An Exegetical study of ARAR in Genesis
Hunlede, Tonou Komlan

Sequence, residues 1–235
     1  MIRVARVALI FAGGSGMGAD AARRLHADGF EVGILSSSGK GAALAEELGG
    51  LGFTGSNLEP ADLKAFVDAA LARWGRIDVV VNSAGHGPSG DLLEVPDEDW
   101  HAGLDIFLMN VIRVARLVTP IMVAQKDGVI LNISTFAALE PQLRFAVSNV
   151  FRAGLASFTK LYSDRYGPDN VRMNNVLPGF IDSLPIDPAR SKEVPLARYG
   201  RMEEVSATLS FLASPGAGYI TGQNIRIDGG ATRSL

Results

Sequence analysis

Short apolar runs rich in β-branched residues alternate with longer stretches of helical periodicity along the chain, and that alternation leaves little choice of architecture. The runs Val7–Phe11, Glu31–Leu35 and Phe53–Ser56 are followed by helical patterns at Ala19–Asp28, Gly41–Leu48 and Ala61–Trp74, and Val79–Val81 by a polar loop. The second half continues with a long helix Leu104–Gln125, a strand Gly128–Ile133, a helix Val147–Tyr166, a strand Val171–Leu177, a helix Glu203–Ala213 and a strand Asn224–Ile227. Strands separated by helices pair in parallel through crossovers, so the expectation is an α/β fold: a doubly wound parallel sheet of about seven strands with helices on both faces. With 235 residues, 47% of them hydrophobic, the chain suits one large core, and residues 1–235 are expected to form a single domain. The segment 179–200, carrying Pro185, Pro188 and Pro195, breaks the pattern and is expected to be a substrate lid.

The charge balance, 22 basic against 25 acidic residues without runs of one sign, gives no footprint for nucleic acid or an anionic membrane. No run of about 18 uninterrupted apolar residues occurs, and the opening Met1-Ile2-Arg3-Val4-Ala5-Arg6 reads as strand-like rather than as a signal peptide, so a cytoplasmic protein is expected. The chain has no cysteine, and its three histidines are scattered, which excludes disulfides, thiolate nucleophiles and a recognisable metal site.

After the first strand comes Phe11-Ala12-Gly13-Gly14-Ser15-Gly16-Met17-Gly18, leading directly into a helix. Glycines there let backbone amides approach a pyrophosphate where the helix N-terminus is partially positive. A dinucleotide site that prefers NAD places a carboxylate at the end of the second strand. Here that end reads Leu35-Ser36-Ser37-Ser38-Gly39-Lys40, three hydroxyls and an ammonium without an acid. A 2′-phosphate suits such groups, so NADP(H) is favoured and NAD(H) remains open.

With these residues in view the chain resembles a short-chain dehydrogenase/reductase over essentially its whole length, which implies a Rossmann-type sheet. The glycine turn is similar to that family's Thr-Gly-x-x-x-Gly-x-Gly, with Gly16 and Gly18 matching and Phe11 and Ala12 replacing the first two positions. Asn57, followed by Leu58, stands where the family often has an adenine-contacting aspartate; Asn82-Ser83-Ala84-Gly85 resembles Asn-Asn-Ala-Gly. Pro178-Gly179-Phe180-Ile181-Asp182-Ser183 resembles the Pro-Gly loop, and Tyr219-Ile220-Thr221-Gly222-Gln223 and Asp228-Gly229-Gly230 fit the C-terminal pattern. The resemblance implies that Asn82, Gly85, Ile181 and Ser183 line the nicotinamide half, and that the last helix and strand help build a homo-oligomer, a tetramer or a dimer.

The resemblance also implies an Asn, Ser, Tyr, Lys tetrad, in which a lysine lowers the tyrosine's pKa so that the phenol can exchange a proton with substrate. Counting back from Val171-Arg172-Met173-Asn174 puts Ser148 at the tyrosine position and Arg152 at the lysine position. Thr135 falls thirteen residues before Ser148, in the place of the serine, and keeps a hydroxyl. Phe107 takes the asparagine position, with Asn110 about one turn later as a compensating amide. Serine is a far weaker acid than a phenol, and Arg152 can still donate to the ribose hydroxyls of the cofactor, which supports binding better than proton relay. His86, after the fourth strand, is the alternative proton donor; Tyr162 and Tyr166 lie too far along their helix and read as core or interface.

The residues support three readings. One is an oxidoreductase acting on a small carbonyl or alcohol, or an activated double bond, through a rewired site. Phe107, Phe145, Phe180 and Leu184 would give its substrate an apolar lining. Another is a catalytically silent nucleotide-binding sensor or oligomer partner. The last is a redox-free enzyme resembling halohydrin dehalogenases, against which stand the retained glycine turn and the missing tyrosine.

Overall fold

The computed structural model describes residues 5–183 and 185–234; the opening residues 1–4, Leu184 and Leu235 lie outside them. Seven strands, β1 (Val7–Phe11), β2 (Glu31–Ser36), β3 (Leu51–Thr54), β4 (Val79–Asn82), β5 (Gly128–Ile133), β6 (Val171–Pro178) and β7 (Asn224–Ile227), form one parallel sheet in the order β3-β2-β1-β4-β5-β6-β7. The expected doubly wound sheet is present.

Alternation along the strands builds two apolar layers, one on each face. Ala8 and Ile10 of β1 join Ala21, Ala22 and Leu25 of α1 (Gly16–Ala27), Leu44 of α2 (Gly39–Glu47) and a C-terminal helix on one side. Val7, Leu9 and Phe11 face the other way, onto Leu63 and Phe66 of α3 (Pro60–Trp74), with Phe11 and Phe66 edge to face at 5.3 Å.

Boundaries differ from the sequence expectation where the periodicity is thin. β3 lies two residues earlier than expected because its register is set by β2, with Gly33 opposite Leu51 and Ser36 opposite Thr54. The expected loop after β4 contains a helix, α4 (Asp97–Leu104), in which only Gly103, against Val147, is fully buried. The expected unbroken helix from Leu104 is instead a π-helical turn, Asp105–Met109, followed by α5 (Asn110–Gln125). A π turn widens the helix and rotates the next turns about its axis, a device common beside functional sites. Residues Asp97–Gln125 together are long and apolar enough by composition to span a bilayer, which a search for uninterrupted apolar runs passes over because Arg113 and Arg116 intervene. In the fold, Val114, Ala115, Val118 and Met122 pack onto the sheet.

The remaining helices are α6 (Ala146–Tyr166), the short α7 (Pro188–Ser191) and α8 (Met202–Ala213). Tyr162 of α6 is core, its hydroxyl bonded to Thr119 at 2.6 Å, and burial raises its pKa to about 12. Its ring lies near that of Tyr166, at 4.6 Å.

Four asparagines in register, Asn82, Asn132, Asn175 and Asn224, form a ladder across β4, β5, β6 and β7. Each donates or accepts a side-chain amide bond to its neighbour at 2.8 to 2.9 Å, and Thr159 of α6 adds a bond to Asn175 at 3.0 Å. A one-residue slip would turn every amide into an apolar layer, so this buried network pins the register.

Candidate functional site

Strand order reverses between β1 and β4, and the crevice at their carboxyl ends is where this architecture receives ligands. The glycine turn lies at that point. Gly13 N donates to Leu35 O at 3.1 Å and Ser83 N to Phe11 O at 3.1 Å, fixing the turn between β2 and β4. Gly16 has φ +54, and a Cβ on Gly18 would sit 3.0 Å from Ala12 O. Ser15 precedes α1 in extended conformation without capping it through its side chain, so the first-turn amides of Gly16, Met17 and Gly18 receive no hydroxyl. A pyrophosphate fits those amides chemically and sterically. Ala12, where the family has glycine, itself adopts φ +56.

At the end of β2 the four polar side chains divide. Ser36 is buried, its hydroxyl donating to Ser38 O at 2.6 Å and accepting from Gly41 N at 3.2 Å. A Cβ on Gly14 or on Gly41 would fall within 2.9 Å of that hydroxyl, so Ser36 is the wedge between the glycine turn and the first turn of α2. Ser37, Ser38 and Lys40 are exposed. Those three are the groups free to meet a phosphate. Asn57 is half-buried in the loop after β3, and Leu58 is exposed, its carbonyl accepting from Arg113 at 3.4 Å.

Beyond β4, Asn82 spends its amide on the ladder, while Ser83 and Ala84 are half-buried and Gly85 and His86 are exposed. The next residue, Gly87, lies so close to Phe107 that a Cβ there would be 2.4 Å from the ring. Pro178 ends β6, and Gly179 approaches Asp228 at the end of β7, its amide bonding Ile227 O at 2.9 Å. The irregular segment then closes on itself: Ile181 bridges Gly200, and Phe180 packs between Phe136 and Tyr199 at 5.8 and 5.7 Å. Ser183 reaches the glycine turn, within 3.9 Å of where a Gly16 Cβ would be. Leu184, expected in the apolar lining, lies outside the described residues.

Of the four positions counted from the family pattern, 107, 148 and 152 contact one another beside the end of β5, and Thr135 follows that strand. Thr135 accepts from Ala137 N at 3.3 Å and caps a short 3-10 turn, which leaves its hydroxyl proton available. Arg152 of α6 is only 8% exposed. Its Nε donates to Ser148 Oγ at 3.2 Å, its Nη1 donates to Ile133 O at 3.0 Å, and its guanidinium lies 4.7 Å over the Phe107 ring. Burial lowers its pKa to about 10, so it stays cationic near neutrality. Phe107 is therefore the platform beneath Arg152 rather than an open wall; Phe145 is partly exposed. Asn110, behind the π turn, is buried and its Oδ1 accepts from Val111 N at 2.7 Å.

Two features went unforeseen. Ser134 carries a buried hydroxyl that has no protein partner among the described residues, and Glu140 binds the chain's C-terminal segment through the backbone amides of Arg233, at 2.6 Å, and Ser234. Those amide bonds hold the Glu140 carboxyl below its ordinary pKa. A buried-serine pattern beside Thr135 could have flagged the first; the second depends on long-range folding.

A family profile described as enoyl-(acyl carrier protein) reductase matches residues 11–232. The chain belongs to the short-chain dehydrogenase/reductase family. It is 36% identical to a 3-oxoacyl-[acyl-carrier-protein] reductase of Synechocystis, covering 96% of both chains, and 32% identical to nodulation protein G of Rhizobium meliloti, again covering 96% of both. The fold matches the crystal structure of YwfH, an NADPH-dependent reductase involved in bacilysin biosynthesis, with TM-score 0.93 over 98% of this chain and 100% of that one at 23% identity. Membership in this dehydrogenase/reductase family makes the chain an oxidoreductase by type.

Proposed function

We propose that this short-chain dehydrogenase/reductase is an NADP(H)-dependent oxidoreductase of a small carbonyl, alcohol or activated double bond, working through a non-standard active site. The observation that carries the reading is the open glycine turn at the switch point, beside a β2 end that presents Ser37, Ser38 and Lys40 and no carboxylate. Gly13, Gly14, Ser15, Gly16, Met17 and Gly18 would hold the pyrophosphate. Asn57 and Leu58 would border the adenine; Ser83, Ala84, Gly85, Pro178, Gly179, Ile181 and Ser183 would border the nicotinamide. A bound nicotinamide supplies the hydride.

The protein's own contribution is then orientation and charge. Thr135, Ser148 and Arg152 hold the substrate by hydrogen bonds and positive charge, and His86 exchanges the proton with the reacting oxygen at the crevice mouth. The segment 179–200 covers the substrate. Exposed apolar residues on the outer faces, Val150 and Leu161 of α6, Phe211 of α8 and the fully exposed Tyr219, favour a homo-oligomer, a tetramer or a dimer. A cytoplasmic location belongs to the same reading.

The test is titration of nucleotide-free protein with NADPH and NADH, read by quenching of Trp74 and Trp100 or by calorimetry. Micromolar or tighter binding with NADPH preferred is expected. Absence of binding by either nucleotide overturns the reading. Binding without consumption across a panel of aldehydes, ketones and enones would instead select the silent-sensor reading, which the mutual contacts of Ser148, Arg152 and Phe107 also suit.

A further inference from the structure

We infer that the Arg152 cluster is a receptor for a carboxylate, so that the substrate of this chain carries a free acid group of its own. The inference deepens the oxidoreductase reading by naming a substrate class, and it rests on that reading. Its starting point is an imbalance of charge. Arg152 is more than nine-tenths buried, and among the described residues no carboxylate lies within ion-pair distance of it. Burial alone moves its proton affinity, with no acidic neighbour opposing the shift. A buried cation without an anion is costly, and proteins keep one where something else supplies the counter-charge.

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The ארר (curse) formula occurs both in the active and passive forms in the book of Genesis with a higher frequency for the latter. The usage of the passive curse formula by God or humans has disparate significances. When used by God, the curse is considered a decree enacted by God. When used by humans, the curse is either an oracle pronounced by God’s authorized emissary or a petition addressed to God and utterly dependent on the divine for enactment. This understanding is however conflicting with the passive form of the verb which implies the absence of an acting agent. This study investigates the occurrences of the ארר formula in the book of Genesis with the threefold objective of (a) clarifying the significance of the passive form when used by God or by humans, (b) understanding the effect of the speakers of the curse formula on its effectiveness, and (c) delineating a possible pattern in the usage of the formula. The study interacts with literature on the subject of curse while recognizing that a limited number deals directly with the objectives aforementioned. The conclusions reached indicate that the usage of the passive form is a grammatical endeavor to focus on the result of an action and less on its agency. The passive form also conveys the idea that a curse formula is an expression of a change of state attained by an offender of direct divine command. The conclusions also point out that while God can both be the Actor and Herald of a curse, humans can only announce a curse. Further, the effectiveness of a curse is expressed through the punishment attached to it and is linked to the status of the speaker and the gravity of the offense perpetrated. Lastly, a pattern of formulation is delineated whereby the ארר (curse) formula exhibits three sections: the cause, the curse, and the punishment.